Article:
I was so ignorant about dogs that I thought what she wanted must be a Javanese, a little Indonesian dog, not a Havanese, named for the city in Cuba. When we discovered, with a pang, the long Google histories that she left on my wife’s computer—havanese puppies/havanese care/how to find a havanese/havanese, convincing your parints—I assumed she was misspelling the name. But in fact it was a Havanese she wanted, a small, sturdy breed that, in the past decade, has become a mainstay of New York apartment life. (It was recognized as a breed by the American Kennel Club only in the mid-nineties.) Shrewd enough to know that she would never get us out of the city to an approved breeder, she quietly decided that she could live with a Manhattan pet-store “puppy mill” dog if she could check its eyes for signs of illness and its temperament for symptoms of sweetness. Finally, she backed us into a nice pet store on Lexington Avenue and showed us a tiny bundle of caramel-colored fur with a comical black mask. “That’s my dog,” she said simply.
My wife and I looked at each other with a wild surmise: the moment parents become parints, creatures beyond convincing who exist to be convinced. When it came to dogs, we shared a distaste that touched the fringe of disgust and flirted with the edge of phobia. I was bitten by a nasty German-shepherd guard dog when I was about eight—not a terrible bite but traumatic all the same—and it led me ever after to cross streets and jump nervously at the sight of any of its kind. My wife’s objections were narrowly aesthetic: the smells, the slobber, the shit. We both disliked dog owners in their dog-owning character: the empty laughter as the dog jumped up on you; the relentless apologies for the dog’s bad behavior, along with the smiling assurance that it was all actually rather cute. Though I could read, and even blurb, friends’ books on dogs, I felt about them as if the same friends had written books on polar exploration: I could grasp it as a subject worthy of extended poetic description, but it was not a thing I had any plans to pursue myself. “Dogs are failed humans,” a witty friend said, and I agreed.
We were, however, doomed, and knew it. The constitution of parents and children may, like the British one, be unwritten, but, as the Brits point out, that doesn’t make it less enforceable or authoritative. The unwritten compact that governs family life says somewhere that children who have waited long enough for a dog and want one badly enough have a right to have one. I felt as the Queen must at meeting an unpleasant Socialist Prime Minister: it isn’t what you wanted, but it’s your constitutional duty to welcome, and pretend.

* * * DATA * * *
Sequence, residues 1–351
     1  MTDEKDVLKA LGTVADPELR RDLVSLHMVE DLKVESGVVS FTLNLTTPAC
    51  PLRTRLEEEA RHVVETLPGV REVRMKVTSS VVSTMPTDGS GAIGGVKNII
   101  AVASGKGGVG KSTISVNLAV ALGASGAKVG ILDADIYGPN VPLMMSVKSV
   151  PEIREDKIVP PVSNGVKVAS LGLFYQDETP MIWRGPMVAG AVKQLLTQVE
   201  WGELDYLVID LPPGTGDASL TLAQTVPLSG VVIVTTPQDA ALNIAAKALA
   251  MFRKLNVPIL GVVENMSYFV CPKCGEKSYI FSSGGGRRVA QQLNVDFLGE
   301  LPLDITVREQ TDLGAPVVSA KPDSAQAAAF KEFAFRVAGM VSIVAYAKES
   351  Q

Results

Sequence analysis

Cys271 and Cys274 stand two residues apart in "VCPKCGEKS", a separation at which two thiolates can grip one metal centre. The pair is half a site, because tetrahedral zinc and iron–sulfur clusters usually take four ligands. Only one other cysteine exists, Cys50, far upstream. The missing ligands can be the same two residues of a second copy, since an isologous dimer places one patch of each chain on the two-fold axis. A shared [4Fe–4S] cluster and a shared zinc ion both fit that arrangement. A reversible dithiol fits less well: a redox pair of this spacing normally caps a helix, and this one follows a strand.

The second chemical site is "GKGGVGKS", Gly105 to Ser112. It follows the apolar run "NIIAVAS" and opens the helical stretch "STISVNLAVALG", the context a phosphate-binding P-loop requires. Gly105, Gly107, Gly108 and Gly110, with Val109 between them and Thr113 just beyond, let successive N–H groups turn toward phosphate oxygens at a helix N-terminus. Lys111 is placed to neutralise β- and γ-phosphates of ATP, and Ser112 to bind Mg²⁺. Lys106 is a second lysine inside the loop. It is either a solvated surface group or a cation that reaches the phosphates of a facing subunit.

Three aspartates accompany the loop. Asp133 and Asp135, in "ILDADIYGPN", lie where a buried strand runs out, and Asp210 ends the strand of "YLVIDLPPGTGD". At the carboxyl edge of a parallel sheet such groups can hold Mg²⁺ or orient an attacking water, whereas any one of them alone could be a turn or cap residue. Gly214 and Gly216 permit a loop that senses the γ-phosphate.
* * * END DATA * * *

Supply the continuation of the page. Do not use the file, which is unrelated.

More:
The pet-store people packed up the dog, a female, in a little crate and Olivia excitedly considered names. Willow? Daisy? Or maybe Honey? “Why not call her Butterscotch?” I suggested, prompted by a dim memory of one of those Dan Jenkins football novels from the seventies, where the running-back hero always uses that word when referring to the hair color of his leggy Texas girlfriends. Olivia nodded violently. Yes! That was her name. Butterscotch.
We took her home and put her in the back storage room to sleep. Tiny thing, we thought. Enormous eyes. My wife and I were terrified that it would be a repeat of the first year with a baby, up all night. But she was good. She slept right through the first night, and all subsequent nights, waiting in the morning for you past the point that a dog could decently be expected to wait, greeting you with a worried look, then racing across the apartment to her “papers”—the pads that you put out for a dog to pee and shit on. Her front legs were shorter than her rear ones, putting a distinctive hop in her stride. (“Breed trait,” Olivia said, knowingly.)
All the creature wanted was to please. Unlike a child, who pleases in spite of herself, Butterscotch wanted to know what she could do to make you happy, if only you kept her fed and let her play. She had none of the imperiousness of a human infant. A child starts walking away as soon as she starts to walk—on the way out, from the very first day. What makes kids so lovable is the tension between their helplessness and their drive to deny it. Butterscotch, though, was a born courtesan. She learned the tricks Olivia taught her with startling ease: sitting and rolling over and lying down and standing and shaking hands (or paws) and jumping over stacks of unsold books. The terms of the tricks were apparent: she did them for treats. But, if it was a basic bargain, she employed it with an avidity that made it the most touching thing I have seen. When a plate of steak appeared at the end of dinner, she would race through her repertory of stunts and then offer a paw to shake. Just tell me what you want, and I’ll do it!